Gandalf vs. Darth Vader

08-Dec-12 11:10 AM by
Filed under Potpourri, Star Wars; Comments Off on Gandalf vs. Darth Vader

It's less than a week to The Hobbit's premiere, wherein we see the One Ring fall into the hands of the unlikeliest person, setting into motion the last battle to come from the War of the Ring. These many evils were perpetuated by Sauron, the power-hungry lord of the rings who was defeated only through the combined forces of the good races of Middle-Earth, many of them led by the wizard Gandalf.

But what if Sauron was not the greatest foe Gandalf ever faced? Surely there is no more powerful evil on Middle-Earth — but what if we were to look to the stars? What if the Dark Lord that Gandalf the Grey faced was not Sauron — but Darth Vader?

The battle's outcome was decided by a popular vote, though I can't say I agree with the result. I feel we've witnessed more powerful users of the Force in the Star Wars universe, and even they were defeated. Of course, leaving Darth Vader as the ringbearer presents a far more interesting scenario: what now?

This video is, surprisingly, not from the same team that brought us Batman vs. Captain America. It seems celebrity superhero mashups are all the rage on YouTube. Which two powers do you want to see clash next?

A Gentleman's War

15-Apr-07 12:21 PM by
Filed under Reviews; 2 comments.

The second film I saw this year was 300 — and I could've done without it.

We all know by now that 300 is a film of the Spartans' stand against the Persians at the Battle of Thermopylae in the year 480 BC. But it's unfortunate that many people believe this film to be a direct retelling of that historical event, when it is in fact adapted from Frank Miller's 1998 graphic novel of the same name, which itself is based on the 1962 film The 300 Spartans, which is based on Herodotus' recording of the events. Being so removed from a faithful and accurate recording, and not knowing enough to separate truth from tale, I applied the same skepticism when watching this film that I did when reading The Da Vinci Code (another snorer) and safely accepted nothing as canon.

Fortunately, there wasn't much of substance I needed to filter out. The film's plot is contained wholly within its title; there is nothing surprising or original beyond the fifteen score of soldiers. Sure, there is some diplomatic bureacracy, and the requisite betrayal, but 300 is almost entirely an action flick — and not a very good one. How many different slow-motion thrusts, impalements, and beheadings can we experience in just two hours? That is the only question 300 seeks to resolve. I am not a prude, and I do not fault this film for being too bloody; it wasn't even that. It was simply a two-hour heated battle that left me cold.

But it did give me one thought worth mulling.


300: Truth or Tale?

25-Mar-07 9:54 AM by
Filed under Films; 3 comments.

Hiphopguy23 recently saw the movie 300 on the big screen, and he means BIG screen: the fancy IMAX theater. Hiphopguy23 was pleasantly surprised by the style and visuals of the movie, but he left the theater wondering how much was fact and how much was fiction. Hiphopguy23 could probably look on the Internet to find the answers, but that involves work. So instead, Hiphopguy23 will make educated guesses based on his own understanding of the era and will be corrected in the forums.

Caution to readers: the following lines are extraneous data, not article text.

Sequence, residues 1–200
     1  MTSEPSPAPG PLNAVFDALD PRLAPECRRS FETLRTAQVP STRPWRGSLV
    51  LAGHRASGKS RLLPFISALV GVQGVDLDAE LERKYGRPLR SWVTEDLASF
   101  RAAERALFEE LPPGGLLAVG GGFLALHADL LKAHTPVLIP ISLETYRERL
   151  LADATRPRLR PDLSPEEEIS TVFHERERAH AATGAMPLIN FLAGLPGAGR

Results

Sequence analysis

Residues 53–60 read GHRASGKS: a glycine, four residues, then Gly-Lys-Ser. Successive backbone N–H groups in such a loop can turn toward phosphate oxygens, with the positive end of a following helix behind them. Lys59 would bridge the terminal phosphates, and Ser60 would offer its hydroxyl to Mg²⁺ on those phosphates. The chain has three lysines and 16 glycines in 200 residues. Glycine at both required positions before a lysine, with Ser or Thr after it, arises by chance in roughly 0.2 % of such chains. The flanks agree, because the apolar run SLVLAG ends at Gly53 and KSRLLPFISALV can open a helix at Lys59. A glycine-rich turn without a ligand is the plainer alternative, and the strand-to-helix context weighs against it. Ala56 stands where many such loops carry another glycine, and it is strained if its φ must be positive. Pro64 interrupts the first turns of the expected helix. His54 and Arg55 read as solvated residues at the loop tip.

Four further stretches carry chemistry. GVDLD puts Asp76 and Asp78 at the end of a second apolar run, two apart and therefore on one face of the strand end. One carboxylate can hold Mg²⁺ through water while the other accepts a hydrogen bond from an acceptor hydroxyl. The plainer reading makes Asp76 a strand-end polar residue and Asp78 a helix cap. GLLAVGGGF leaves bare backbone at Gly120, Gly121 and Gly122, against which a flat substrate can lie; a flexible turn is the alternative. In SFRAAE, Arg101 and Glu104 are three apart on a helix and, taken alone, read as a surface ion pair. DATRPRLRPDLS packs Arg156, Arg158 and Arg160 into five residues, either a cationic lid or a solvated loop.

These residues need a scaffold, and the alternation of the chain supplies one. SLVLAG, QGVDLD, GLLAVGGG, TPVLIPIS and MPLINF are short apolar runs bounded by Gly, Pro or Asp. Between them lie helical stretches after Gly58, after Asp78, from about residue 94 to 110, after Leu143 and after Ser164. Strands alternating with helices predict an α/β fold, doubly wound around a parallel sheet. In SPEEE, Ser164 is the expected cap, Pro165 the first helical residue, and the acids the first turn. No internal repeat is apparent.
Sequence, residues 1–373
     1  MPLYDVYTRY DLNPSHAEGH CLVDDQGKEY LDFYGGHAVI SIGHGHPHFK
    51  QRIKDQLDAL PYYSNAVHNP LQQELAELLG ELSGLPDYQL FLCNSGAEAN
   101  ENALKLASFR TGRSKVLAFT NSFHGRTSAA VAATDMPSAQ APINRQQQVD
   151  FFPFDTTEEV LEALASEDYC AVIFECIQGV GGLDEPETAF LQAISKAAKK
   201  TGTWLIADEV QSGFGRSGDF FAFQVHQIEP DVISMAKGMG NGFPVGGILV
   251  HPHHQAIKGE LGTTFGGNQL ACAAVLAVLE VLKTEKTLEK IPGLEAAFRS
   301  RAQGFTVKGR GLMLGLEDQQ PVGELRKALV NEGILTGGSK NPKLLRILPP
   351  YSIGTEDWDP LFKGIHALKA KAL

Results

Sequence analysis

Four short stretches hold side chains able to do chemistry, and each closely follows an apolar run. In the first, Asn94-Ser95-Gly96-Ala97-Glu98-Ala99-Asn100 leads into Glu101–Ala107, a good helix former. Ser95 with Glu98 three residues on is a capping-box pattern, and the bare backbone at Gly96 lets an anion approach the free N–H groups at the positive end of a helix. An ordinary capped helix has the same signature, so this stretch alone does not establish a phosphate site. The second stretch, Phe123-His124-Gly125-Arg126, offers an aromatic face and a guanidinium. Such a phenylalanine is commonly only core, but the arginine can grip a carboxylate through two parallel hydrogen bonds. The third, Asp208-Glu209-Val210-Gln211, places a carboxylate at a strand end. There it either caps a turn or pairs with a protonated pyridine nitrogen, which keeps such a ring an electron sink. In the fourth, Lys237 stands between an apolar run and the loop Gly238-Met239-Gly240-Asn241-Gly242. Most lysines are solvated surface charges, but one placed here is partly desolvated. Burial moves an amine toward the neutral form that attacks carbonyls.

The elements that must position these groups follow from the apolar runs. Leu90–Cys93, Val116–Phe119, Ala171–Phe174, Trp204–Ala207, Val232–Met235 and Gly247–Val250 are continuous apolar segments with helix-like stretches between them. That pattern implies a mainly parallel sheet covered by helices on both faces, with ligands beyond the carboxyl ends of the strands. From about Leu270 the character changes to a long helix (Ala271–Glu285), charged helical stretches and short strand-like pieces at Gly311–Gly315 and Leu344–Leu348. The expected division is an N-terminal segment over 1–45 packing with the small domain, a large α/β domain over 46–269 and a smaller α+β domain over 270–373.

1) The Spartans sent only 300 soldiers into combat.

TRUTH — The rest of the army was banned from combat due to a religious celebration.

2) The Persian army consisted of millions of soldiers.

TALE — Hiphopguy23 believes the numbers were closer to 450,000.

3) The 300 Spartan warriors killed the Persians at a rate of 10-1.

TRUTH — The Spartans' superior position and superior battle knowledge allowed them to devastate the Persian army.

4) The 300 Spartan warriors trained from the age of 7 to be soldiers.

TRUTH — Those Spartans were a tough breed. Men were raised to be soldiers, and women were raised to birth soldiers.

5) The Spartan warriors fought without armor to show off their abs.


6) King Xerxes attempted to negotiate with the Spartans in person.

TALE — King Xerxes would have appeared nowhere near the front of the battle lines. Also, King Xerxes was not 10 feet tall.

7) King Xerxes brought rhinos and elephants into battle.

TALE — Elephants were generally not used in combat except in Northern Africa. (Only a handful of Hannibal's famous elephants survived after crossing the Alps.)

8) When King Leonidas was ordered to lay down his arms, he snarled, "Come and get them."

TRUTH — This historical battle is the first recorded utterance of this phrase, which is now a staple in every action movie.

9) Dilios lost his eye and was sent away from battle by the king in order to narrate the brave events.


10) Dilios later led an army to defeat the Persians.

TALE — Though Dilios did not lead the army, the Grecian states did unify a year later and to push the Persians back.

See also: A Gentleman's War